On Friday, the governor of New York State refused to resign again, despite the flood of calls in this sense, especially from heavyweights from his Democratic camp, after several accusations of sexual harassment and groping against him.
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“I will not quit,” declared Andrew Cuomo during a press phone call, confirming, as last week, “not doing” the things that six women have accused him of in a row, since the end of February.
But, hours after his remarks, calls to resign multiplied: the powerful leader of the Democrats in the Senate, Chuck Schumer, elected from New York State, in turn considered that Mr. Cuomo “had lost the confidence of his partners in the government.” And the New Yorkers “and was to resign,” in a statement. Shared with the state’s other Senator, Kirsten Gillebrand.
Testimonies emerged from two new women expressing dissatisfaction with the governor’s behavior, saying it was inappropriate.
Within two weeks, the downfall of this 63-year-old governor, who was widely regarded as a hero in fighting the pandemic in 2020 and who had subsequently been pushed by some to run for the White House, was staggering.
He, who has been running New York state for 10 years, called again on Friday not to be convicted now, and to “wait for the facts” – in other words, the results of the announced investigations into the allegations.
True to his reputation as a tough man, he vigorously defended himself, asserting that the allegations against him were “false” and indicating that he was a new victim of the “culture of annulment” raging in the United States.
This movement, mocked by many Republicans, is pushing for a withdrawal from the public sphere of businesses or personalities sentenced for offending or discriminating against sexual or ethnic minorities.
Politicians take positions for all kinds of reasons, including political opportunism or submission to pressure. But he declared that people know the difference between a political game and a “culture of annulment” and the truth.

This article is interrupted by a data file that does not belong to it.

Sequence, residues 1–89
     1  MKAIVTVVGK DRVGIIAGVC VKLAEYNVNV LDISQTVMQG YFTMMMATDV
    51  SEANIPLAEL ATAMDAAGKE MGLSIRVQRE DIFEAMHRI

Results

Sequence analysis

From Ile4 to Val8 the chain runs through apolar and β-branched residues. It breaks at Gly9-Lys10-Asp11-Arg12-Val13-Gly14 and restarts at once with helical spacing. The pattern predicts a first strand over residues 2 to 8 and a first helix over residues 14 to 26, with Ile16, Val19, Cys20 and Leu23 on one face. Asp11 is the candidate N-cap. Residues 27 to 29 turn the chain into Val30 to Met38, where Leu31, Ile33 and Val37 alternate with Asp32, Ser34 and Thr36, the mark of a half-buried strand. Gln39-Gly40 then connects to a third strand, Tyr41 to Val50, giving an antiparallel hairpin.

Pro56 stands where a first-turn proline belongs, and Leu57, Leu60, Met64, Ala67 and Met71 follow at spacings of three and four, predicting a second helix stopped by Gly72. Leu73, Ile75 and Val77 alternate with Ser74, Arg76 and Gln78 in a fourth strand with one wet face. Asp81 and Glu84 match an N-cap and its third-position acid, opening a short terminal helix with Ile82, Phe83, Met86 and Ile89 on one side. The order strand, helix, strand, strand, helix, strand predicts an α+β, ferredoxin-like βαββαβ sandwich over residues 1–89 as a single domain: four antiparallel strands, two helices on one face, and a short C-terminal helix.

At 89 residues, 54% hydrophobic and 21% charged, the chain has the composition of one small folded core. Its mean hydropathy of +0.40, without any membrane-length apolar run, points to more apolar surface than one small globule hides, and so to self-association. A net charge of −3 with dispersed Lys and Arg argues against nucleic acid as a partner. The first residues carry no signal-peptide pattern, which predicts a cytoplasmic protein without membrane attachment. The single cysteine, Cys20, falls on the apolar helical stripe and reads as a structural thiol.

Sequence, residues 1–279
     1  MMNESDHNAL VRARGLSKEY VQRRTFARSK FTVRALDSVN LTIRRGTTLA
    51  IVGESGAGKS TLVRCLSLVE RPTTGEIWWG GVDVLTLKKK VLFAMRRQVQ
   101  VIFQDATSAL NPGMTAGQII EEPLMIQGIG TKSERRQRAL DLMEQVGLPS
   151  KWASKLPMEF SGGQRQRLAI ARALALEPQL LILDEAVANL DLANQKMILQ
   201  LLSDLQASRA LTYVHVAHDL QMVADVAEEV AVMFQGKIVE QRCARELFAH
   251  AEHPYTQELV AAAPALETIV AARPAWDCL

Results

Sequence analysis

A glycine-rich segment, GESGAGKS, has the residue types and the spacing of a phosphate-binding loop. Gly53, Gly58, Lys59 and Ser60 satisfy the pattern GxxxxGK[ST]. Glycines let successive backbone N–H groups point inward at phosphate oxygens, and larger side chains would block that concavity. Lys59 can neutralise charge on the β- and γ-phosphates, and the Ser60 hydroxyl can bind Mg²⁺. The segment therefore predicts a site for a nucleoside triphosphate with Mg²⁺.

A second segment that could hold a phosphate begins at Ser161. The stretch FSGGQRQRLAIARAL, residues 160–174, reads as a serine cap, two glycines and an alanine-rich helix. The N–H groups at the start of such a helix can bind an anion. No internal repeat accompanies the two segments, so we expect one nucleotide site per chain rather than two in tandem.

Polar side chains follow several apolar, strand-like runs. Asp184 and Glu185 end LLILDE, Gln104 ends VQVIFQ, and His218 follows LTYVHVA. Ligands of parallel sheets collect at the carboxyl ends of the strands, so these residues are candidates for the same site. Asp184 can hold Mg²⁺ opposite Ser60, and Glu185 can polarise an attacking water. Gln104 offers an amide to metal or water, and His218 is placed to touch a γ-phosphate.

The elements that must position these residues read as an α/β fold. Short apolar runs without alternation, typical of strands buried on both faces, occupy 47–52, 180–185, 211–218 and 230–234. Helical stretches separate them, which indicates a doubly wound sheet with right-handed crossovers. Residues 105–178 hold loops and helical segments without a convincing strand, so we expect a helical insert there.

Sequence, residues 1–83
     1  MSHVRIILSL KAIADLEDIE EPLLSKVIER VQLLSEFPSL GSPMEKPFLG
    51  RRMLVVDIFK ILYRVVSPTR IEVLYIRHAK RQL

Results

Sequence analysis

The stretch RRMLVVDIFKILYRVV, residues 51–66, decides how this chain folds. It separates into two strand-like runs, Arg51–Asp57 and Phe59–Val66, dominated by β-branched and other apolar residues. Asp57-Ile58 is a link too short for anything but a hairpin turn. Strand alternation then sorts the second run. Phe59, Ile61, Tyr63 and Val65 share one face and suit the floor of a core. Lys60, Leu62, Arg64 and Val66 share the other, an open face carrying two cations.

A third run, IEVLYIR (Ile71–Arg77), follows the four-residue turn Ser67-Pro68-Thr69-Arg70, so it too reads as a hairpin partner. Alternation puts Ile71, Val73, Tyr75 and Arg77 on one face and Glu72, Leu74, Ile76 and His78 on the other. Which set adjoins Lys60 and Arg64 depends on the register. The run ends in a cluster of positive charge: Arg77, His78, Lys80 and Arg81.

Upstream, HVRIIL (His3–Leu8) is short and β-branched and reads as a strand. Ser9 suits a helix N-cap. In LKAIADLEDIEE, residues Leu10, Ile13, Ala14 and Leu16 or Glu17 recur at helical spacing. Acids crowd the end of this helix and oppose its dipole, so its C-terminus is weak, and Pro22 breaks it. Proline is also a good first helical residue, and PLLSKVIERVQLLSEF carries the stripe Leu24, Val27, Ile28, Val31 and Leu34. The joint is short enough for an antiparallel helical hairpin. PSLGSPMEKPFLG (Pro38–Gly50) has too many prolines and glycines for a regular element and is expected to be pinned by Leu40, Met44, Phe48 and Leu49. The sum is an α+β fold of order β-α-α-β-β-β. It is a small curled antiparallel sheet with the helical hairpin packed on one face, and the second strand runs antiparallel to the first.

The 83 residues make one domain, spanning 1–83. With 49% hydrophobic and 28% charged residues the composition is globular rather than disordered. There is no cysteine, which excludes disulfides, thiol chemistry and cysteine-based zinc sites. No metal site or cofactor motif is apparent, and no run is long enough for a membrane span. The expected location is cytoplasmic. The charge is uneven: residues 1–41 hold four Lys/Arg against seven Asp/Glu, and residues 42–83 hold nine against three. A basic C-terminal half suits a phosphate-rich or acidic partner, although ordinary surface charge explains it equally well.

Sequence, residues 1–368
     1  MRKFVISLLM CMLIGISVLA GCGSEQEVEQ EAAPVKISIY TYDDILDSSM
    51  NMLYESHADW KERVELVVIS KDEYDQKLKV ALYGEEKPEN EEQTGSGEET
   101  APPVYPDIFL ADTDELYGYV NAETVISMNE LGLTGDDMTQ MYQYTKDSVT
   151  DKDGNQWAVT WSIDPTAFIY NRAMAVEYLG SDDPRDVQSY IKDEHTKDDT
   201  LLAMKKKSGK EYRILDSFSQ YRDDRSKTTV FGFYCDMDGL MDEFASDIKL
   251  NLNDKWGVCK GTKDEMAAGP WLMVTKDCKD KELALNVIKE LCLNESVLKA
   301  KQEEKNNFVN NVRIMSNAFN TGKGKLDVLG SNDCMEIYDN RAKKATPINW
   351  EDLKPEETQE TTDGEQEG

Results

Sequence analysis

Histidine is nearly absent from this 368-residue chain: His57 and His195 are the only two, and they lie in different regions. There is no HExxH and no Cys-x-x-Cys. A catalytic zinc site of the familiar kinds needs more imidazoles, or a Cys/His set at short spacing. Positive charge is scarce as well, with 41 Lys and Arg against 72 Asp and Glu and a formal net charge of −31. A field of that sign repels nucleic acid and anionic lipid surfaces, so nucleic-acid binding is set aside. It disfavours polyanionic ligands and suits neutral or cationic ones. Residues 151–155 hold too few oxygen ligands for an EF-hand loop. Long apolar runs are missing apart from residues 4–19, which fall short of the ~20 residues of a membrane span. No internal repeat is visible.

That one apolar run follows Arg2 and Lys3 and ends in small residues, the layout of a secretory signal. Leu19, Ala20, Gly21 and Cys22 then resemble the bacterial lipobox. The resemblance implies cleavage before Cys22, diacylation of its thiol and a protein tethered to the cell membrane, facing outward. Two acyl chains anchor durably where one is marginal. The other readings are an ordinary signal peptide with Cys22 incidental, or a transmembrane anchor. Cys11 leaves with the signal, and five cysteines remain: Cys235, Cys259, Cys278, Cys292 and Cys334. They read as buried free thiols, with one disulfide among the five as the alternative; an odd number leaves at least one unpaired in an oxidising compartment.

The governor, whose third term does not expire until 2022, gave the impression that he would do anything to avoid resigning and continuing to rule New York state. Unlike other power men (Donald Trump is the notorious exception in particular) who tossed the towel after accusations of harassment or sexual assault, before the results of any investigation.
Can he withstand the pressure that has been building every hour since Wednesday? On that day, a sixth woman, one of his employees, made the most serious accusations so far, accusing her of putting her hand under her shirt at the end of 2020, at her official residence.
Two new women joined the top six on Friday. A former journalist accused him of covering the governor with inappropriate gestures, especially in 2012 and 2014, that she said aimed to humiliate him. Another former governor, identified by first name only Caitlin, said of New York Magazine How he made her uncomfortable.
Since Wednesday, the majority-elected Democrats in the New York Parliament have been growing in numbers already to demand his resignation.
On Thursday, they got an investigation into all the allegations by a parliamentary committee, the first step in a possible impeachment measure. This investigation is in addition to the one already initiated by Attorney General Letitia James.
Friday morning, it was the turn of influential Democratic elected officials from New York in the House of Representatives to demand the departure of the governor, including left-wing superstar Alexandria Ocasio Cortez and veteran Manhattan actor Jerry Nadler.
Chuck Schumer and Kirsten Gillebrand seemed nearly the last to not ask for his resignation.
That is now done, making the situation nearly impossible for Mr. Cuomo, even if he continues to ensure that he can continue to rule while awaiting the results of the allegations investigations.
“Nobody wants it to be done so comprehensively and quickly as I do,” Andrew Cuomo said Friday.
If he continues to cling, only the isolation measure appears to be able to force him to leave against his will.
Such a measure, unprecedented in New York state since 1913, would require a simple majority in the House of Representatives and two-thirds in the Senate.
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